In their paper, Takarangi, Strange, and Lindsay (2014) showed in two experiments that participants who had witnessed a shocking film frequently "mind-wandered without awareness" about the content of the film. More importantly, they equated this effect with the occurrence of traumatic intrusions. In this commentary, we argue that the authors adhered to conceptually ambiguous terms, and thereby unintentionally contribute to an already existing conceptual blur in the trauma-memory field. We postulate that clear definitions are urgently needed for phenomena such as intrusions, flashbacks, and mind-wandering, when using them in the context of trauma memory. Furthermore, our proposal is that these phenomena can fall under a spectrum of different involuntary memory instances. We propose that by adopting stricter definitions and viewing them as separate, but interrelated phenomena, different lines of trauma-memory research can be reconciled, which would considerably advance the field. (C) 2014 Elsevier Inc. All rights reserved.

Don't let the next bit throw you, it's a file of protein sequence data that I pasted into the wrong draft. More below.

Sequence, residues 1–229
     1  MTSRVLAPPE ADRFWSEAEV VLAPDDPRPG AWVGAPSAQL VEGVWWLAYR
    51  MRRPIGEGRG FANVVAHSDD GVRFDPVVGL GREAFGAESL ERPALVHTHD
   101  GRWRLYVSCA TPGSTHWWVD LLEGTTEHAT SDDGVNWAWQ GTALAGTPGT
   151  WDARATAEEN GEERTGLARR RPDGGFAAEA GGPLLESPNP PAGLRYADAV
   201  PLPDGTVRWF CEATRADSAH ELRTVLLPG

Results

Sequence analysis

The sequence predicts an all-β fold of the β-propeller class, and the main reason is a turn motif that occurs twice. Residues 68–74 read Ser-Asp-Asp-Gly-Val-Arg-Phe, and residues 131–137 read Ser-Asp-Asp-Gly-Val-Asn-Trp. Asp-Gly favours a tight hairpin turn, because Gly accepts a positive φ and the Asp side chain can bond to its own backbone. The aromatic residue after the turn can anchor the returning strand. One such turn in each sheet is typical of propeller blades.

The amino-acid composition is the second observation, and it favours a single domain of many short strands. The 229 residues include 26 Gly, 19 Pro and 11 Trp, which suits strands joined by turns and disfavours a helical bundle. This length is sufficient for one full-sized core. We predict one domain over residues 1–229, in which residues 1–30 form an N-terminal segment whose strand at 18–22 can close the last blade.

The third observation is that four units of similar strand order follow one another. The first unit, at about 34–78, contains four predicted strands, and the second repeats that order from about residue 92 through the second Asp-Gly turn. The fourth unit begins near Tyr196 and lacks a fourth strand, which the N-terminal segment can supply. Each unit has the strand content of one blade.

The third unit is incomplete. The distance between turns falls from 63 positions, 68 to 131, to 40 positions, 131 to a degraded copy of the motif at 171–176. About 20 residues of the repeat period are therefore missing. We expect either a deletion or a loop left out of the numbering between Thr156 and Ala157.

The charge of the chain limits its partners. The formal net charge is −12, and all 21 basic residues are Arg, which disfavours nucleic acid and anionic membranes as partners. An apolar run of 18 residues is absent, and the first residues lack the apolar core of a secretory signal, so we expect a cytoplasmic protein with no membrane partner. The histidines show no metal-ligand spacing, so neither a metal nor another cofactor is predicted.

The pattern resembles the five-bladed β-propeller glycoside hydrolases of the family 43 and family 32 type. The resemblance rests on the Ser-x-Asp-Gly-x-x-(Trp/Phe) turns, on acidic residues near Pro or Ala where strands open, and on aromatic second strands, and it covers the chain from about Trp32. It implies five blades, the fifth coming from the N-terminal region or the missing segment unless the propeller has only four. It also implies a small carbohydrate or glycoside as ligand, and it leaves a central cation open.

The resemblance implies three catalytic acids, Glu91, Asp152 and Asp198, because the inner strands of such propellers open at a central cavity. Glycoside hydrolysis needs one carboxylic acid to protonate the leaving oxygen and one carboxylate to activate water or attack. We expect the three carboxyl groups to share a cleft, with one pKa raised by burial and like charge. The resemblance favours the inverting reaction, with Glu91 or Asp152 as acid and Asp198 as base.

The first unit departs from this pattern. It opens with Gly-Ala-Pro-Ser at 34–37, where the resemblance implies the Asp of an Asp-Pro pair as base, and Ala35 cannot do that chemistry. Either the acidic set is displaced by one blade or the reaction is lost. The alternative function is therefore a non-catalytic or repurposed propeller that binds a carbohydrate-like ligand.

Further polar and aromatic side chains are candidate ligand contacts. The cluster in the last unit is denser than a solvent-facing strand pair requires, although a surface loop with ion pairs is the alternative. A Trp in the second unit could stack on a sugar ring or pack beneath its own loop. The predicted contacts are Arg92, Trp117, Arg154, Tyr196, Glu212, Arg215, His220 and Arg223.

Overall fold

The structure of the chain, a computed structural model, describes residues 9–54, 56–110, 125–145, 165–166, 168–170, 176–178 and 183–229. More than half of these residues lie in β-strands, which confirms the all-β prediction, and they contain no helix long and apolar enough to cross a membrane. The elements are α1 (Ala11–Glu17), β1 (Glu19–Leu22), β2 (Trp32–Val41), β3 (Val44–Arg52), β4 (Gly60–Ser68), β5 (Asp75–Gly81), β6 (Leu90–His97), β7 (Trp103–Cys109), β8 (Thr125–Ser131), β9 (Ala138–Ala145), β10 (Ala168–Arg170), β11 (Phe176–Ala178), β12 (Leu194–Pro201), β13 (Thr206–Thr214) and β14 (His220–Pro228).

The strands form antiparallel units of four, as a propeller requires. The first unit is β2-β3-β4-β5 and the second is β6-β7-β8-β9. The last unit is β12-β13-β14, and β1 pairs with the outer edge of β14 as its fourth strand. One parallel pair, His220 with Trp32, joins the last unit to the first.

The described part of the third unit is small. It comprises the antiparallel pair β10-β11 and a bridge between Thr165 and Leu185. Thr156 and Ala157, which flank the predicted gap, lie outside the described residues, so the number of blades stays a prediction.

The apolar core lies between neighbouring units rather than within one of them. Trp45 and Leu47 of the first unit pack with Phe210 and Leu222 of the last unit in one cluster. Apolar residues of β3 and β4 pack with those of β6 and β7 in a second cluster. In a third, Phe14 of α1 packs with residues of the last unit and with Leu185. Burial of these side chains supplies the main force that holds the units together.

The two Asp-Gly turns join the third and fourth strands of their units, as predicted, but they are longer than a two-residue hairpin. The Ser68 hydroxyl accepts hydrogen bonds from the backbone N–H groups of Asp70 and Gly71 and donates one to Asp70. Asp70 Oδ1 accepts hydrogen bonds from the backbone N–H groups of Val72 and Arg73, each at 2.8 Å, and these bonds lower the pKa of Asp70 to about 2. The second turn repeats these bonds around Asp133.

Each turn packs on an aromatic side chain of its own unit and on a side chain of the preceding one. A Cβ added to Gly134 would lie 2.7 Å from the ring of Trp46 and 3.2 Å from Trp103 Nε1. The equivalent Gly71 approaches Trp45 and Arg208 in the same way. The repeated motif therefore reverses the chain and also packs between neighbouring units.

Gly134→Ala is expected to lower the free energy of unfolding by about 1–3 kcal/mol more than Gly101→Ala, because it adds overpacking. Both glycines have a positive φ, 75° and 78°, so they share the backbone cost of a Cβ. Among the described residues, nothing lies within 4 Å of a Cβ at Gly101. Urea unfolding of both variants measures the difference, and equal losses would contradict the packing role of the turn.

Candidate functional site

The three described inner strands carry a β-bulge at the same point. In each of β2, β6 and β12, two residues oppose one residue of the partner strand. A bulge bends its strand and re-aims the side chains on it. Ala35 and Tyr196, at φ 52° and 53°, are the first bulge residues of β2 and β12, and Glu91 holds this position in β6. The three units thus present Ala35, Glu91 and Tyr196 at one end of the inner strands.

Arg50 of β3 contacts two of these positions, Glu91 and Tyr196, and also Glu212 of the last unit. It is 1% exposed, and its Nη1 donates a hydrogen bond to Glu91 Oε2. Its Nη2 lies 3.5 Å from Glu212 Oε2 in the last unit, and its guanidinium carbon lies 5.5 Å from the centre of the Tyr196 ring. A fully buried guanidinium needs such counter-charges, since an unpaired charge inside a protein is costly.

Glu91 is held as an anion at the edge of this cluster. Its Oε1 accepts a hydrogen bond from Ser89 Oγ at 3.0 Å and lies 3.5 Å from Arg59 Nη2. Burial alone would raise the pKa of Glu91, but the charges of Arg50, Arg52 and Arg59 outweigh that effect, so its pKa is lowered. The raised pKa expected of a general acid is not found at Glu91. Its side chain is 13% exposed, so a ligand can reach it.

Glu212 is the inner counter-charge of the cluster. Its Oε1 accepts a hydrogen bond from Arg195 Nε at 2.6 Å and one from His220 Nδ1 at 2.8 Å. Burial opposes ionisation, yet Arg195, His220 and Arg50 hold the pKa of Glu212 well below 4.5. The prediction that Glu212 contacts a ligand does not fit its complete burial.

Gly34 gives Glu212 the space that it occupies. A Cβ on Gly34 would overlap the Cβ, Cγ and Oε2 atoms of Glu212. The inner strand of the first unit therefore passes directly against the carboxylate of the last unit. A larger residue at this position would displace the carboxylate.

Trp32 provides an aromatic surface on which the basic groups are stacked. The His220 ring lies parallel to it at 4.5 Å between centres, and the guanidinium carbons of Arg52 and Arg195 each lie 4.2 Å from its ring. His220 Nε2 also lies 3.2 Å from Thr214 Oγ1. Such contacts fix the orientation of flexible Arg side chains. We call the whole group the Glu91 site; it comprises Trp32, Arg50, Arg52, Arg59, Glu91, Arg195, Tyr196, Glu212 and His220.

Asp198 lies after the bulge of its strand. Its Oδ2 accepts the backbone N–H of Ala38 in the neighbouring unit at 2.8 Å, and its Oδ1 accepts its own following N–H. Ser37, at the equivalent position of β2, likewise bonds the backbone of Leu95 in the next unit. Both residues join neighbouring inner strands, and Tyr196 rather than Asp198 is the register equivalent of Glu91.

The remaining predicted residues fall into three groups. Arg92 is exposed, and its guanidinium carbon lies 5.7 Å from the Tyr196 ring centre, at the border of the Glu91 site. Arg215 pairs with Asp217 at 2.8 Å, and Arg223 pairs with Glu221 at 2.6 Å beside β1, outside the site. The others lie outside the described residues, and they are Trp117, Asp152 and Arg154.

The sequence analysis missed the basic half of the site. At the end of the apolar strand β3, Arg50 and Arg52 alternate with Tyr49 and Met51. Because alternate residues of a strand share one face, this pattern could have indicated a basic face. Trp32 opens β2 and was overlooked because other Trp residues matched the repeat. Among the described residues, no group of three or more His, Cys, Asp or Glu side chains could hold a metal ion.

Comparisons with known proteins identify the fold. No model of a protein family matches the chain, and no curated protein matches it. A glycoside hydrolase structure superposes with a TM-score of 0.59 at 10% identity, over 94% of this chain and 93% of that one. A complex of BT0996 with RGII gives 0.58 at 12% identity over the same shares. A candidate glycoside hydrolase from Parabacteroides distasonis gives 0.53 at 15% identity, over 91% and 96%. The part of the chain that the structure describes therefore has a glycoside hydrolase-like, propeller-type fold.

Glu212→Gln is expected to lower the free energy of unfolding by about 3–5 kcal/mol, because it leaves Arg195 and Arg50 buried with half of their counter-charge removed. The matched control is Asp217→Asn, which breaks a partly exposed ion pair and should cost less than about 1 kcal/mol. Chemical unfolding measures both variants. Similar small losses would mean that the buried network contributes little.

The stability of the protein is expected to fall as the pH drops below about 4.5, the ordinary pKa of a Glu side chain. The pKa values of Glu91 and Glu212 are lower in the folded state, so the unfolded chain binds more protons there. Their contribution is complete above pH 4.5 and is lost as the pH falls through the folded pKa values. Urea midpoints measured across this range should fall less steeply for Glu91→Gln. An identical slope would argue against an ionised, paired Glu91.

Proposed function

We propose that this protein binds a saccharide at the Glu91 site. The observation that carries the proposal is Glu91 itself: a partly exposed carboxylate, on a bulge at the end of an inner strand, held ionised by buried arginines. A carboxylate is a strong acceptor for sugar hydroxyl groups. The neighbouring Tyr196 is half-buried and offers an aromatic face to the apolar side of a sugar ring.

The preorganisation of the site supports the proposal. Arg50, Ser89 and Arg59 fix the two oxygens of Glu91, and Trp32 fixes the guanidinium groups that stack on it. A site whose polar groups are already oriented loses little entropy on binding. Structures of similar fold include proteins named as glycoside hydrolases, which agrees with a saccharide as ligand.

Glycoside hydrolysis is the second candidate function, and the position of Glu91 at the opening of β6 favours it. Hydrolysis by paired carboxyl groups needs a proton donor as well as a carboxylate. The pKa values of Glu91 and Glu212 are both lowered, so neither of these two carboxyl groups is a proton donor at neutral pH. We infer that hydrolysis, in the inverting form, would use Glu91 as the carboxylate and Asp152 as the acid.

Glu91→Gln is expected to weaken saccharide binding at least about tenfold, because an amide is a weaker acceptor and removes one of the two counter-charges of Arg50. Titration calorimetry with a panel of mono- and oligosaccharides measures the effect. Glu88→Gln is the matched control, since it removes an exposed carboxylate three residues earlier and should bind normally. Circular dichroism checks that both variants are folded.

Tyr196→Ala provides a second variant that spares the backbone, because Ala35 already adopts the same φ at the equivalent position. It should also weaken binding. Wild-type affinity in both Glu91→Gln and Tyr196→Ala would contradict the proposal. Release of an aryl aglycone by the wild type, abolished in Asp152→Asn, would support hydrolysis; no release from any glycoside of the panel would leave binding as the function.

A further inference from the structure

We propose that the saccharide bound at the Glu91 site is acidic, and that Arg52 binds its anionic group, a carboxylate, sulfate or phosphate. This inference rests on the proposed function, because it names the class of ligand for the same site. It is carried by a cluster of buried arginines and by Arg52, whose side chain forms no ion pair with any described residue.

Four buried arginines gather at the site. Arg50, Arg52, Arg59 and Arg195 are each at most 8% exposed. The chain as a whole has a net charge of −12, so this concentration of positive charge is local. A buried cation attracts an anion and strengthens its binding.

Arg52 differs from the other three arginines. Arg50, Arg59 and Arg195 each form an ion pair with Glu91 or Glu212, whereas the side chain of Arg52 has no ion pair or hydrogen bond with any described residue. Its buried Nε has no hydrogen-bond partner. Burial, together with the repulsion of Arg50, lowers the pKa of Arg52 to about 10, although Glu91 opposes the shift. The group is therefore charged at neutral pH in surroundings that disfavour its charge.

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- AUTOBIOGRAPHICAL MEMORIES, DISSOCIATIONS, EXPERIENCE, INDIVIDUAL-DIFFERENCES, Intrusions, Involuntary autobiographical memories, MECHANISMS, META-CONSCIOUSNESS, Meta-awareness, Mind-wandering, POSTTRAUMATIC-STRESS-DISORDER, PTSD, Post-traumatic stress disorder, RESPONSES, TRAUMA, Trauma, Trauma film paradigm